The only comment I would have is to try to look objectively at some of the rules once in a while and ask whether you need to allow any leeway. I have three girls (7, 6 & 4) and occassionally I find myself reassessing a little bit and deciding the reason I say No to something is just because "I've always said no". Sometimes I reevaluate and decide, well, okay, maybe she is ready for such-n-such now. This is esp. true with my oldest as it's easier to gear everything to the littlest one's needs, but I try to remember she needs more independence.

IOW, I get used to things being a certain way and forget they are growing and changing and may be able to try something new.

Or pre-arrange for one weekend night to let her stay out an extra 1/2 hour as a special treat. When she goes to Eve's house, be sure you set a time limit beforehand ("Have a great time playing but you need to be home for lunch at 12:30") so no one has the expectation that it's an all-day affair. Vice-versa for when she's at your house. And if someone comes to play and you want your DD to yourself, just say "I'm sorry, she can't come outside right now. She will come over when she can." End of story, no further explanation is required.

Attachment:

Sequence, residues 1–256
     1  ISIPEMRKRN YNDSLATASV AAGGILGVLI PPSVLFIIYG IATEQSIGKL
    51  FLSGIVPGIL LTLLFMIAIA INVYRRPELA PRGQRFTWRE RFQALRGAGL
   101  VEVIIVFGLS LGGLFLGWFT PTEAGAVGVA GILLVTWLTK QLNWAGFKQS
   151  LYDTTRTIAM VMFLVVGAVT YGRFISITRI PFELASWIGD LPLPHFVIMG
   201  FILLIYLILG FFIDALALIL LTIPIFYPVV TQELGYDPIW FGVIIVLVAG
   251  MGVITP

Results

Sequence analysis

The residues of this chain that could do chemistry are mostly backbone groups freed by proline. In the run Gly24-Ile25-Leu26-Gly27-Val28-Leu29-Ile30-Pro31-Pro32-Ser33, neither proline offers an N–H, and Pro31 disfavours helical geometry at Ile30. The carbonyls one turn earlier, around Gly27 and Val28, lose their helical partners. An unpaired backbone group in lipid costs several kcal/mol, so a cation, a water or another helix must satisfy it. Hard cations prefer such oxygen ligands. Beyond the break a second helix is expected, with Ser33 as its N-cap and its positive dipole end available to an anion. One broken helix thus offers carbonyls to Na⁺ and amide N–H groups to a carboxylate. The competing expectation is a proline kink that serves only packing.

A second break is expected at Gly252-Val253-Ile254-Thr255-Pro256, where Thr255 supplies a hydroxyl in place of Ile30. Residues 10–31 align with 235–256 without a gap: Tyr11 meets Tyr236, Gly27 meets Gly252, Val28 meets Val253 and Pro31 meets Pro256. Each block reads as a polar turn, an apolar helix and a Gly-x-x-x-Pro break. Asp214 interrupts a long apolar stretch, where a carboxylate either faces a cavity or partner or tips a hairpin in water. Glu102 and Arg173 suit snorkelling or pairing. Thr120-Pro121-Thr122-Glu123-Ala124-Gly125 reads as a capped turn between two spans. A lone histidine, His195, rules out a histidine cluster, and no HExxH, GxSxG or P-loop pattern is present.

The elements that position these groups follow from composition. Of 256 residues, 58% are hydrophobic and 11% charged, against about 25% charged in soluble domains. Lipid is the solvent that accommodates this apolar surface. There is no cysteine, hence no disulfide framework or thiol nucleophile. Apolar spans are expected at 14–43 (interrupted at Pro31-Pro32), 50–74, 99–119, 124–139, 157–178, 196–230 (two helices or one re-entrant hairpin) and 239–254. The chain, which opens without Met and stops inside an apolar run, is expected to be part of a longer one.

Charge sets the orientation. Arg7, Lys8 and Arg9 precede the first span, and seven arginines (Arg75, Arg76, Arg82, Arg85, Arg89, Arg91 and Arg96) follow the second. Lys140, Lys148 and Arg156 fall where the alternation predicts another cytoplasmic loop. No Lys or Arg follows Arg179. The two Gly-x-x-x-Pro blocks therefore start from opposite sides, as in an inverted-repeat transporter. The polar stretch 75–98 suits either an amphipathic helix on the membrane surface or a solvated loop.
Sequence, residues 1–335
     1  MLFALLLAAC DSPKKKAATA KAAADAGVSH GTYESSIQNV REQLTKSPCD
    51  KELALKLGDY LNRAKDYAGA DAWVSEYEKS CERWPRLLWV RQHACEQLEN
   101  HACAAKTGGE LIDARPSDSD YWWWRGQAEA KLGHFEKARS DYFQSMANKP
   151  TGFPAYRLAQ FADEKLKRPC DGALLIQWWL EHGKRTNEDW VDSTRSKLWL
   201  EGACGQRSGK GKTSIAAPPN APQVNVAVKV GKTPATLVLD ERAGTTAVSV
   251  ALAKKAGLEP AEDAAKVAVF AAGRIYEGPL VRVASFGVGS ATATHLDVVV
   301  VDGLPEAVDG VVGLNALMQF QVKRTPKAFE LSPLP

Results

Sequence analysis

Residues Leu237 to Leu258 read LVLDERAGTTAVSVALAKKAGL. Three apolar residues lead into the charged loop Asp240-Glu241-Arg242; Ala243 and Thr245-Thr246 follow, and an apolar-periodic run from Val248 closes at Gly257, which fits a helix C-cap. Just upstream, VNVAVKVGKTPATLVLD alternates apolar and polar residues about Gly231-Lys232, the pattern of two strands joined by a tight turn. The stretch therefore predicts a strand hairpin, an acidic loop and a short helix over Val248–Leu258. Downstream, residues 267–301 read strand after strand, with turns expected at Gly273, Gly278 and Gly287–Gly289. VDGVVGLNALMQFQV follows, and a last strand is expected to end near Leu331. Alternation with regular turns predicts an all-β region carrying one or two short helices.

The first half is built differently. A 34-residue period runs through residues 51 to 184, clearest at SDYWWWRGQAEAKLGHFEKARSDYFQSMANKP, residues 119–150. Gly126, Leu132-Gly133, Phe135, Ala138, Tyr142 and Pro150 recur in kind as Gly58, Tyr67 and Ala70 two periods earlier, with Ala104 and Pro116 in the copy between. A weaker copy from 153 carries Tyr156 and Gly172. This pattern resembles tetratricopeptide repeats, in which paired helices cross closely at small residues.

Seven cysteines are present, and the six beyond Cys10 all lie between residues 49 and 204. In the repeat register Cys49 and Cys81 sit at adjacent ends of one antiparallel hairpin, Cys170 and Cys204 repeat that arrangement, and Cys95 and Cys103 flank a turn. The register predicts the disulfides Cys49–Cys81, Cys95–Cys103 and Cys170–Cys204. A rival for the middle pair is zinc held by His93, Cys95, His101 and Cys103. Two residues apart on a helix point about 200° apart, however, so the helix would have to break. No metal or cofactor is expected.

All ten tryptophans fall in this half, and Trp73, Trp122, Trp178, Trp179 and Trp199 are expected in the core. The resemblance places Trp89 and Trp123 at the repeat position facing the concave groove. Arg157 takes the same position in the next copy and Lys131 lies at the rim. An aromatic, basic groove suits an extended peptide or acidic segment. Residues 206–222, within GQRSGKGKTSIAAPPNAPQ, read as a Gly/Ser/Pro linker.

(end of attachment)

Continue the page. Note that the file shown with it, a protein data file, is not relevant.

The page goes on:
Great advice. I've been trying to let go a little bit at a time, it just seems that she is growing up so fast.

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The first thing I would do is talk with Eve's mom about your observations re. playing in the street, eating and drinking inappropriate things when outside, etc. At this age, I would insist the girls play in the yard instead of the street (even on a cul de sac). If Eve's mom doesn't agree and present a united front to her daughter re. this, then no more playing with Eve. Period....